A nonprofit group buys California-based Isidore Electronics Recycling, and two lawmakers think 2017 may be the year a “right to repair” bill passes in Minnesota.
Processor acquisition: A major Los Angeles nonprofit organization that helps the formerly incarcerated find jobs purchased Isidore Electronics Recycling. The Los Angeles Times reports that Homeboy Industries used donations to finance the purchase of Isidore, which also provides employment opportunities for previously incarcerated individuals.
Weight continues to fall: Washington state reports that 2.4 million pounds of TVs, computer and monitors were collected for recycling in January 2017, 24 percent less than the weight collected in January 2016. The Washington Department of Ecology reports a continuing decrease in weights collected through its extended producer responsibility program for electronics is likely a result of slimmed down design of newer products and fewer CRTs in the stream.
Overwhelmed event: An electronics drop-off event in The Villages, Fla. collected so much material organizers had to shut it down early, according to Villages-News.com. Collection events in 2015 and 2016 garnered a combined 90,000 pounds of material, but this year’s event collected more than 70,000 pounds.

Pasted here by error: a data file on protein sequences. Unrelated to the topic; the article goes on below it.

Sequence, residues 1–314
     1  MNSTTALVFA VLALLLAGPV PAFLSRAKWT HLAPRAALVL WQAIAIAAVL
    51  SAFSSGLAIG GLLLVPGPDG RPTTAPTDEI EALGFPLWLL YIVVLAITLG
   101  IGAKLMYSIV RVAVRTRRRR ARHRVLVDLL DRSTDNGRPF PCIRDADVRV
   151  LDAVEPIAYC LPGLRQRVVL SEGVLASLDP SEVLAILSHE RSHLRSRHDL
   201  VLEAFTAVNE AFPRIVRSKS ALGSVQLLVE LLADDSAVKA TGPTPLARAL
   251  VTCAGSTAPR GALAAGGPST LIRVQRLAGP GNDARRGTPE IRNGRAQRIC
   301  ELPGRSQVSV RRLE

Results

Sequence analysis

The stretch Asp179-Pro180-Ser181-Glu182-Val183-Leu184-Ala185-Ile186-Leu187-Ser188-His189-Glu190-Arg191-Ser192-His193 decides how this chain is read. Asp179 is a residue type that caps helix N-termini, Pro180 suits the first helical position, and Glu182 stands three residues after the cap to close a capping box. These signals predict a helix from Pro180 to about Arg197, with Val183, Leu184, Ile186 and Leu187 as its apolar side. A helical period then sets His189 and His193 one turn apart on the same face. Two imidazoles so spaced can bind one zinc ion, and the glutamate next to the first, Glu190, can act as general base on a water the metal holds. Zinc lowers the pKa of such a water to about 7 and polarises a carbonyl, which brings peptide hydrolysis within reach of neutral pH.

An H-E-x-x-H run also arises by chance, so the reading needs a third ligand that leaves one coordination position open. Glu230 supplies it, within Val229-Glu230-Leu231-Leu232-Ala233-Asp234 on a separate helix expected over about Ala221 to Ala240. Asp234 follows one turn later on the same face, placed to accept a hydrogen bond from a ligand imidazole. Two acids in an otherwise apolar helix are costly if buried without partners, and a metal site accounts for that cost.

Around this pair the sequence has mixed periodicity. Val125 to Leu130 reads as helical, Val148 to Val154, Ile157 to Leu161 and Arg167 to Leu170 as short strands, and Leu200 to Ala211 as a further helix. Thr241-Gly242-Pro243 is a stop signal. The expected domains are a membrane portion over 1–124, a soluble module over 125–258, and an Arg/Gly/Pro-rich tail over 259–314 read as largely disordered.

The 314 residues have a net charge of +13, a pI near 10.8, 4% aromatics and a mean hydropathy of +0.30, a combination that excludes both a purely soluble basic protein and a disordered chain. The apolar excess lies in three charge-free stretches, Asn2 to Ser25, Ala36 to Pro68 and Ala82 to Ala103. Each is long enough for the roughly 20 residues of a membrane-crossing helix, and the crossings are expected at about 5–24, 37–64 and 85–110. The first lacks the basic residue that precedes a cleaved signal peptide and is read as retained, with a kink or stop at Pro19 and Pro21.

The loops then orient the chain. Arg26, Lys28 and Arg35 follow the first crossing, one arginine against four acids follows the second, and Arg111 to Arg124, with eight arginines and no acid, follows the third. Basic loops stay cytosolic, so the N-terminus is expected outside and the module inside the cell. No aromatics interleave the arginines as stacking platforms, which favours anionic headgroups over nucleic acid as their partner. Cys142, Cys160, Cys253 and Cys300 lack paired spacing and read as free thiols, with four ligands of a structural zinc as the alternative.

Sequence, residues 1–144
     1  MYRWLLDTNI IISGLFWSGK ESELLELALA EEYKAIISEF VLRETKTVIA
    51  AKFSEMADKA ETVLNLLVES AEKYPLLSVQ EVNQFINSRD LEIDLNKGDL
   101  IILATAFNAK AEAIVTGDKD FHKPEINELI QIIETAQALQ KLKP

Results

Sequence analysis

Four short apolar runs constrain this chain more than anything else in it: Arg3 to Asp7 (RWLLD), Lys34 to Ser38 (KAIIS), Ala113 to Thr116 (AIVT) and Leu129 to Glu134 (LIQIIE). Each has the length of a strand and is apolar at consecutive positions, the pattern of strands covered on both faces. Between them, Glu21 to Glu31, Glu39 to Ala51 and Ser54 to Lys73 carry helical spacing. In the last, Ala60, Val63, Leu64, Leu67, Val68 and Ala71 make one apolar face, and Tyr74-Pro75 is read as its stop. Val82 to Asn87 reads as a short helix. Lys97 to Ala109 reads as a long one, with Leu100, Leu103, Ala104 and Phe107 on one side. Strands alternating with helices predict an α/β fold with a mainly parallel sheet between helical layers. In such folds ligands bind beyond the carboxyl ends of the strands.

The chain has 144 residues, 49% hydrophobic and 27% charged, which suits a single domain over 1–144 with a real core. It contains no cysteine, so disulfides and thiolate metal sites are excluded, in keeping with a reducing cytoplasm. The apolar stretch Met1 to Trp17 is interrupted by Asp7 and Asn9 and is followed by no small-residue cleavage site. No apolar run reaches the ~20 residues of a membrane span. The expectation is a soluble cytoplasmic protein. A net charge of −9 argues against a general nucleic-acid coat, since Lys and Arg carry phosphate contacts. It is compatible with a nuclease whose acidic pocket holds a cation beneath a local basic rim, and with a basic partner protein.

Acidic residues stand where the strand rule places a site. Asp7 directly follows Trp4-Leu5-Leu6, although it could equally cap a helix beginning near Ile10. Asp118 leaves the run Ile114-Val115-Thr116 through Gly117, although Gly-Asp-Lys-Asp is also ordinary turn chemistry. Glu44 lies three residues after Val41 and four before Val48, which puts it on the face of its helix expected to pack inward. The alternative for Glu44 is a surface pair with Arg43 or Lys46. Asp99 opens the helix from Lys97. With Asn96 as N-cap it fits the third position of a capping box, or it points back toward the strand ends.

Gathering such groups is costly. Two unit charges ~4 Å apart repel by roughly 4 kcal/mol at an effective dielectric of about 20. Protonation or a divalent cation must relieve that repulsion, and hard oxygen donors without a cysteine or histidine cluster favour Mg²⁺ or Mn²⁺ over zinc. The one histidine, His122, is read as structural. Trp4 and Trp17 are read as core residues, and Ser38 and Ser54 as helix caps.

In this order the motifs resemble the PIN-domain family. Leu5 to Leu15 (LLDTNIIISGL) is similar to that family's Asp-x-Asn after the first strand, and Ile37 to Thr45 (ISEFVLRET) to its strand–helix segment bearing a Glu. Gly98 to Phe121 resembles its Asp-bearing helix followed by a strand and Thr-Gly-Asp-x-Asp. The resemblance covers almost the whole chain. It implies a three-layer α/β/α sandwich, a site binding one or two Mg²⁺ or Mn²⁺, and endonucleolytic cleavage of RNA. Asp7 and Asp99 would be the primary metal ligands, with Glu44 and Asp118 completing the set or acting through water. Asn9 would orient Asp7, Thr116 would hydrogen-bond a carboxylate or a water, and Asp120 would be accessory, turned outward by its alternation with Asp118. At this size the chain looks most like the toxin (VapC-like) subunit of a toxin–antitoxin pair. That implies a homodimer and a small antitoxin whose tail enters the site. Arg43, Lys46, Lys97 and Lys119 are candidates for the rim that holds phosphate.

More drop-offs: Will County, Ill. hopes to expand the number of e-scrap collection sites and one-day collect events this year, according to the Chicago Tribune. The newspaper also reported that an earlier closure of an electronic drop-off site led to a noticeable increase in dumping in a nearby forest.
Right to repair: Two Minnesota state senators are optimistic the legislature will approve a “right to repair” bill this year, according to citypages.com. The legislation, which aims to help non-manufacturer-authorized shops repair electronics, has nearly 4,000 letters of support.
Heavy lifting: A local government in Pennsylvania is limiting free electronics drop-offs to three items a month, because some people were previously dropping off truckloads worth of material during collection events. Local news outlet The Morning Call also reported that Emmaus will require residents to unload their own cars, after two borough workers hurt themselves unloading heavy TVs and filed workers’ compensation claims.